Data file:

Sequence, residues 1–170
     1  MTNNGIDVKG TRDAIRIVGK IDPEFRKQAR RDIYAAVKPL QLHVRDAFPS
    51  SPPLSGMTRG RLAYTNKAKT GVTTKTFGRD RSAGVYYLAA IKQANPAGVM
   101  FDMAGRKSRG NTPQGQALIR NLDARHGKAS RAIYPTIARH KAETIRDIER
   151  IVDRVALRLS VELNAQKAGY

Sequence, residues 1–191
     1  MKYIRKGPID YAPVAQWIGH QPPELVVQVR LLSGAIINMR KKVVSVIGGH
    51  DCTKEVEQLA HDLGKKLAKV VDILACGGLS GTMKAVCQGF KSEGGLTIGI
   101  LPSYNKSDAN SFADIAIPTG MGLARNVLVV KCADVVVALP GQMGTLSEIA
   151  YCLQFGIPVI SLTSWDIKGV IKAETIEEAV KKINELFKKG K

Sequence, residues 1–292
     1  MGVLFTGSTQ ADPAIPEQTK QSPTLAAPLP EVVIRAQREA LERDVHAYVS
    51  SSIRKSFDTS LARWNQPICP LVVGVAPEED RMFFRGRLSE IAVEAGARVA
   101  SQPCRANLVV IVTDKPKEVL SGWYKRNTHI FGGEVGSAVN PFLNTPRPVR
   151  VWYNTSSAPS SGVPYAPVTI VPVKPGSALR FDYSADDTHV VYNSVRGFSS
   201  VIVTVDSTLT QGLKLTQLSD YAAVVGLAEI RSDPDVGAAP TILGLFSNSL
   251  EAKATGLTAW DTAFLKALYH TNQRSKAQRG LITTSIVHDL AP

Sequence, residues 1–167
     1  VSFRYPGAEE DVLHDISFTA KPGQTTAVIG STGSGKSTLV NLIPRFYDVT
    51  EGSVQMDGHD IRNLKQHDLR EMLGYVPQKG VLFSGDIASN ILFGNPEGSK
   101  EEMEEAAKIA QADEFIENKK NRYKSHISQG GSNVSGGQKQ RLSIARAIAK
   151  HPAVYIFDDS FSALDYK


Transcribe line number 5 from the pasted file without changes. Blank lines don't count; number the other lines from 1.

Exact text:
   151  IVDRVALRLS VELNAQKAGY